Edward Logan was born in Valparaiso, Chile where his father worked as a copper merchant. He arrived at Westminster at the age of 15, and joined Grant’s House.
He achieved fame within the school for his disastrous performance in the Junior Sculls in July 1882. The report in The Elizabethan reads “the most remarkable feature of this race was Logan’s course, from a Surrey station into the Middlesex bank; Hawkins, who remained for some time in obscurity, suddenly forged ahead at the corner, and won, while Crews, rowing very pluckily, passed Logan, when stranded, thus securing the second place.”
In 1888, six years after leaving school, he joined the Cheshire Militia, rising steadily through the ranks over the following decades. In the Boer war, he served as a Captain with the Mounted Infantry and was mentioned twice in dispatches. On the 22nd January 1896, he married Hilda Emma Frances Duckworth, a widow, in Rossett, Denbighshire.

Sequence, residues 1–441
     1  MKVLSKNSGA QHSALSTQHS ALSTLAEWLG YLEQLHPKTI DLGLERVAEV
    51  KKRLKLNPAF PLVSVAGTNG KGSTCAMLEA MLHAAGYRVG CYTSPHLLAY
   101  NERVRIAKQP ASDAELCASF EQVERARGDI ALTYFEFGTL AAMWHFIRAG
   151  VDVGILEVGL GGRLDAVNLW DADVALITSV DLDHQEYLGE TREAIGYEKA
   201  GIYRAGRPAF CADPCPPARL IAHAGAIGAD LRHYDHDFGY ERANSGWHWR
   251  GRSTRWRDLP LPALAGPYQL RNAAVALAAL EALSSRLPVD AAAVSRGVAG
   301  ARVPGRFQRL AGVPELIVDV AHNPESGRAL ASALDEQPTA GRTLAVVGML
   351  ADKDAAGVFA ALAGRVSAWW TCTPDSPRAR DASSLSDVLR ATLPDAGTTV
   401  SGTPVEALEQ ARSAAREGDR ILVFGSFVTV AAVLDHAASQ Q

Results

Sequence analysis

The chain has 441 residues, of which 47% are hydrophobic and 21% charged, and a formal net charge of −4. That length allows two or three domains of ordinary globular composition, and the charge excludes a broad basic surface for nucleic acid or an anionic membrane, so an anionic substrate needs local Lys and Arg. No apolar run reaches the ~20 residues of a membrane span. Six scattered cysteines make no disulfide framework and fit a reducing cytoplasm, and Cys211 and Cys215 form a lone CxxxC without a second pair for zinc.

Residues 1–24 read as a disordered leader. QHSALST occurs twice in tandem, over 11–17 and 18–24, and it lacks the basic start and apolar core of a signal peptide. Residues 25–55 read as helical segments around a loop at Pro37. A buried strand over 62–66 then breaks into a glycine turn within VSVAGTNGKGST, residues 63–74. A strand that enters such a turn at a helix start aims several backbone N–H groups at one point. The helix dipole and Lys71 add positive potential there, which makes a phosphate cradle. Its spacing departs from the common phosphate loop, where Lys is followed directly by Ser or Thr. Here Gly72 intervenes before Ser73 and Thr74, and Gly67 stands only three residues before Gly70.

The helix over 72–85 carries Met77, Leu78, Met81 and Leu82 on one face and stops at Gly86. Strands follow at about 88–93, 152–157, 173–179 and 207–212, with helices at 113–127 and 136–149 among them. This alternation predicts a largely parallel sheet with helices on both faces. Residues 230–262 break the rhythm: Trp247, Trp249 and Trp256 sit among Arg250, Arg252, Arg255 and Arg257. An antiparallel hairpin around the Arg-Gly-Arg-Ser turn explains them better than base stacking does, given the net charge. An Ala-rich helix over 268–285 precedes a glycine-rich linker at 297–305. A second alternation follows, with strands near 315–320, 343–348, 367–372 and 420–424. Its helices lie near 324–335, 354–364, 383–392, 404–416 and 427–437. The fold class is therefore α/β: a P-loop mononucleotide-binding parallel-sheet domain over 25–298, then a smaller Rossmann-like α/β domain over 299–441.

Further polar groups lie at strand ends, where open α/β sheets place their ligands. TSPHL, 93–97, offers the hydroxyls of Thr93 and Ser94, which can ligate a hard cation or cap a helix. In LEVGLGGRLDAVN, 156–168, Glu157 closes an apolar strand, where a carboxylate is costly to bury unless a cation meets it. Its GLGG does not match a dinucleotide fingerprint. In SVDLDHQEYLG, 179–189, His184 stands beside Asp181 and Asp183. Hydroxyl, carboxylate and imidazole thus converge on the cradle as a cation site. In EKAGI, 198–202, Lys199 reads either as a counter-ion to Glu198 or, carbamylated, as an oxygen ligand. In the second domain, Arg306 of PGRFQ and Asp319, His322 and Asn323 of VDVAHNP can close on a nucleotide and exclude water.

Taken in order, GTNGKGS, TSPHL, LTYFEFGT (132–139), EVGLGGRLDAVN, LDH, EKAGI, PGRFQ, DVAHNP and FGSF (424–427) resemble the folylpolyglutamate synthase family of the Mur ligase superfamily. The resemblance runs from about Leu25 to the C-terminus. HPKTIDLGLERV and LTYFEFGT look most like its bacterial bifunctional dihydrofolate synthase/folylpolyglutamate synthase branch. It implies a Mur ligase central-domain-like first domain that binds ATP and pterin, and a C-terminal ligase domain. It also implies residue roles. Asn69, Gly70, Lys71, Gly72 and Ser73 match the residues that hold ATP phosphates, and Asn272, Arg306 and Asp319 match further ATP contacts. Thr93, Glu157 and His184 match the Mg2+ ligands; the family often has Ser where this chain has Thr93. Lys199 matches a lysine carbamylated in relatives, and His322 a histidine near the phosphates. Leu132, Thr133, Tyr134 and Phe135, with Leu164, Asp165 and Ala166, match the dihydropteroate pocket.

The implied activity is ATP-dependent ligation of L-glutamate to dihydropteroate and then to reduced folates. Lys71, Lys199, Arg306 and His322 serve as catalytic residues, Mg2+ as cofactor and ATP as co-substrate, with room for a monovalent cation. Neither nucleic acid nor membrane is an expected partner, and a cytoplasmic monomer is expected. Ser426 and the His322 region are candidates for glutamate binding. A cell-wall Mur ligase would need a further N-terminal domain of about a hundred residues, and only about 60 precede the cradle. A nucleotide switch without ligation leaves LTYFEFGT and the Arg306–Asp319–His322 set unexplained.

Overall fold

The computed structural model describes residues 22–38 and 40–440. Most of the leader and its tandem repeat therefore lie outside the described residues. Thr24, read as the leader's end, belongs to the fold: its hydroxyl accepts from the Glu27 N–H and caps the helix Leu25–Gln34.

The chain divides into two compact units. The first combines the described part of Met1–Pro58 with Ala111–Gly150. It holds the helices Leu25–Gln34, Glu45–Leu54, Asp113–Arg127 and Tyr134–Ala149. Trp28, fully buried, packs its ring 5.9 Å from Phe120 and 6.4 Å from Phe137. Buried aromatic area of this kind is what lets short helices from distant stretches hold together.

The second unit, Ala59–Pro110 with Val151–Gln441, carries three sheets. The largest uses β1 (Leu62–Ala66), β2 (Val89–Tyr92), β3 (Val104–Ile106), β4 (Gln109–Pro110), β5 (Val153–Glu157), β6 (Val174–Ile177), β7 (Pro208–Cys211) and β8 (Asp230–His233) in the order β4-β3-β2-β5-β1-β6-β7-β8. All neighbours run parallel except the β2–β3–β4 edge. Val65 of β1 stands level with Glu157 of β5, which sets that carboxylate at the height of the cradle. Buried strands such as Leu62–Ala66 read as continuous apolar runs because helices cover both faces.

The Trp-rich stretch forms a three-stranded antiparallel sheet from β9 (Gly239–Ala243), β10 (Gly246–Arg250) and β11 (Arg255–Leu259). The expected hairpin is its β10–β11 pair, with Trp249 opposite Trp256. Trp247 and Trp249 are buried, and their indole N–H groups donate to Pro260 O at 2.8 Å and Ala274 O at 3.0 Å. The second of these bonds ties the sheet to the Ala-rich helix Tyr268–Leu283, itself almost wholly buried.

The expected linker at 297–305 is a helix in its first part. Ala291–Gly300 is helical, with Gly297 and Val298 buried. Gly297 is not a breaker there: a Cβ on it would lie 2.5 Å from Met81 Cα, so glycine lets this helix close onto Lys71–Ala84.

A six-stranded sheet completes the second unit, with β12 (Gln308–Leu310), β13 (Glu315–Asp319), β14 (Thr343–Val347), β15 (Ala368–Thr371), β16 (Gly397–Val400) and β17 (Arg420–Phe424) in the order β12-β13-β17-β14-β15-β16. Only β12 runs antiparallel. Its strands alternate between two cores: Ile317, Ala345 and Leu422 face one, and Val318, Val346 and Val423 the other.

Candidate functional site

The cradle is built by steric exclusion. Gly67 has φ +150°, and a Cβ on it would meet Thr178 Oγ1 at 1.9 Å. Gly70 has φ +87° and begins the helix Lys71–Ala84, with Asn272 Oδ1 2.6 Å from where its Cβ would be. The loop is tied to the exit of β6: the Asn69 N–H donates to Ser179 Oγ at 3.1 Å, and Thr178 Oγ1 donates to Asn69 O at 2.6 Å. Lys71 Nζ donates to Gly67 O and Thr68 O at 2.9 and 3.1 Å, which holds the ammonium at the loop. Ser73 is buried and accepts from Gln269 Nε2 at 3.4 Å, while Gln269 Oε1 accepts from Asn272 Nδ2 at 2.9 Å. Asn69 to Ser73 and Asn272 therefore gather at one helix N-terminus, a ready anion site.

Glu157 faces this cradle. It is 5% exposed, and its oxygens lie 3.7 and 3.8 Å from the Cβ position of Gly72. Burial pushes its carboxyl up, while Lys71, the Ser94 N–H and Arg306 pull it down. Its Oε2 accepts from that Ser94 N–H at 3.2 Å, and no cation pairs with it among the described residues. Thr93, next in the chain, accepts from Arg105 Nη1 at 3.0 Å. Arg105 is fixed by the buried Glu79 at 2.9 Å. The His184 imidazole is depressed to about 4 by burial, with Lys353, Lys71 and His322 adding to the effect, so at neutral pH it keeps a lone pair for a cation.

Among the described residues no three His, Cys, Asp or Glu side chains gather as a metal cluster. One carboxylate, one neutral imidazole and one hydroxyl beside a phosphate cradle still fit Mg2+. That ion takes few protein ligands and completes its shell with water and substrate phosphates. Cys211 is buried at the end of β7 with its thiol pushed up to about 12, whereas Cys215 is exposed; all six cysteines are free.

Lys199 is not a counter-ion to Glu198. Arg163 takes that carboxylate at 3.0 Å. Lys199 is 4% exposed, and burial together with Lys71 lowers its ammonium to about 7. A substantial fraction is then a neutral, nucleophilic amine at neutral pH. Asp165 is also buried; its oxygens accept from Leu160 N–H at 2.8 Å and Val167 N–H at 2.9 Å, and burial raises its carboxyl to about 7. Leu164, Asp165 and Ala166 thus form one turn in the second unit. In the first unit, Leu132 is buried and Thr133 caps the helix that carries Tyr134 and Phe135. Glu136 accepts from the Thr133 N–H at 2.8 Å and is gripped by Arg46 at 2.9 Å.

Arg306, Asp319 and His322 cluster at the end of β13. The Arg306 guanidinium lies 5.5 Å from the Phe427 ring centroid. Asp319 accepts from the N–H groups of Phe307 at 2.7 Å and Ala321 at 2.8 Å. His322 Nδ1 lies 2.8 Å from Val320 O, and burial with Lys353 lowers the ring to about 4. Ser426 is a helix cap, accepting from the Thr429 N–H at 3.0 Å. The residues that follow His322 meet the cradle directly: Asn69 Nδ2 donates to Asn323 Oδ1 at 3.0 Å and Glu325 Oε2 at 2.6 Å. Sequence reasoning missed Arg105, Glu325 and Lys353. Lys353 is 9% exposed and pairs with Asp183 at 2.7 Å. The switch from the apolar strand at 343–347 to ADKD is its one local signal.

He was awarded the Queen’s Medal (three clasps), the King’s Medal (two clasps) and, on 24th March 1901, he received a Distinguished Service Order Medal for the “gallant leading of the advanced guard.” At the end of the Boer War, Logan left the army to join the South African Constabulary, where he rose to Commandant of Middleburg, Transvall.
He returned to England in 1907, and lived with his wife at Christleton Bank, Cheshire. He re-joined the army, where he became commanding officer of the 3rd batt. Cheshires in Birkenhead. At the outbreak of war, he was soon put in command of the 5th Durham Light Infantry and sent to France — to the Battle of Loos — in September 1915.
Lieutenant Colonel Logan was killed in action on the 25th September, along with his younger brother. According to the Cheshire Observer, attendance at the service in his honour was “striking testimony to the high esteem and warm regard in which he was held”.
Throughout the rest of the war, his widow organised support for the Cheshire Regiment from the people of Christleton.